MARGARET WARNER: Another in our occasional series on poets and poetry.
Tonight, Alberto Rios, a professor of English at Arizona State University and author of nine volumes of poetry, three collections of short stories, and a memoir. His new book of poetry is called "The Theater of Night."
ALBERTO RIOS, Poet and Author: My name is Alberto Rios, and I grew up in the early 1950s in a little border town called Nogales, Arizona, on the border between Arizona and Sonora, Mexico.
My father was born in Mexico, and I never looked like my father. My mother was born in England, and I've always looked a lot more like my mother. But you can imagine that I was growing up between worlds, between cultures, between languages.
I grew up in-between, and I think that's defined what I do now. It certainly gave me plenty to write about as a writer generally, but as a poet very specifically. It showed me how to look at everything in more than one way.
In us this day, on the occasion of the inauguration of Janet Napolitano as the governor of the state of Arizona.
We are in a border time, the border between countries, between centuries, the border between yesterday and tomorrow, what we have been and what we are going to be. We are a state of many languages, many cultures. We must translate this into a state with many ideas.
Let us choose from the best from this treasury of dreams. Let us create a future we would want to speak in any language. We should not try to predict the future; instead, let us make it, and let us make it our own.
"The Theater of Night" is the imagined life story of my great-grandparents. The broader parts of this book are clear in that they're just about love. They're about the idiosyncrasies of personal interaction. And they're different for everybody. But when we recognize them, we know that they're ours, as well. They're about aging and loss; they don't both live forever.
"The Chair She Sits In."
I've heard this thing where, when someone dies, people close up all the holes around the house, the keyholes, the chimney, the windows, even the mouths of the animals, the dogs and the pigs. It's so the soul won't be confused or tempted.
It's so, when the soul comes out of the body it's been in but that doesn't work anymore, it won't simply go into another one and try to make itself at home, pretending as if nothing happened. There's no mystery; it's too much work to move on.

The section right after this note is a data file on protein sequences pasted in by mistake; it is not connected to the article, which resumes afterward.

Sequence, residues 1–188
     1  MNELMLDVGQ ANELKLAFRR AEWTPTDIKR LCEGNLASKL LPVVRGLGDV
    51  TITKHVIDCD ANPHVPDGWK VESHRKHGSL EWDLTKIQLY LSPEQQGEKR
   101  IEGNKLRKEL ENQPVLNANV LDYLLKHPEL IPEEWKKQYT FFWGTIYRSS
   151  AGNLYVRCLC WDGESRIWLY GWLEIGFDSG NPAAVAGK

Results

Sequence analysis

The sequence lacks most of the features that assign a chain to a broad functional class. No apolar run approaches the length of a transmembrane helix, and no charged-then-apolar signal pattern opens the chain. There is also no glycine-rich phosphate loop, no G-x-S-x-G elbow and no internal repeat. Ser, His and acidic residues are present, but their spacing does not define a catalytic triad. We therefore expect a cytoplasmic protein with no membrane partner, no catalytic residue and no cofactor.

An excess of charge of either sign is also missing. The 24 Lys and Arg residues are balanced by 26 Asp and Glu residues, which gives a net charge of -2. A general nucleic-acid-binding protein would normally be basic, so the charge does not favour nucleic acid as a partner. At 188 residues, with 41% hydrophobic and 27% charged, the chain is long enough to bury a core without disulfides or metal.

It isn't anybody's fault. A soul is like any of us. It gets used to things, especially after a long life: the way I sit in my living room chair, the indentation I have put in it now after so many years. That's how I understand it's my chair, and I know how to sit in it.
KARLA ELLING, Press Printer: The paper is going to slide across the cylinder and pick up the ink.
ALBERTO RIOS: I've collaborated with many artists over the years doing these poems of public purpose. Karla Elling, for example, who's a fine-letter press printer, she helped me actually physicalize a project that's called "Words over Water" around Tempe Town Lake. It's 600 granite tiles, six miles long.
I chose a turn-of-the-century Spanish form called a gregoria (ph). It's a small form, and it's very much in the Spanish literature tradition. And it combines high seriousness with humor in an a-ha moment, a finger-snap moment, an epiphany.
"To visit the river quickly, cut an onion. Nobody owns water. Drink some and try to keep it. Water rules kings."
What I hope people take away from the "Words over Water" project is the single moment that makes a difference; that is to say that they get that epiphany, they get that one connection, they get that thing that will have mattered to them in the moment and which they will not forget.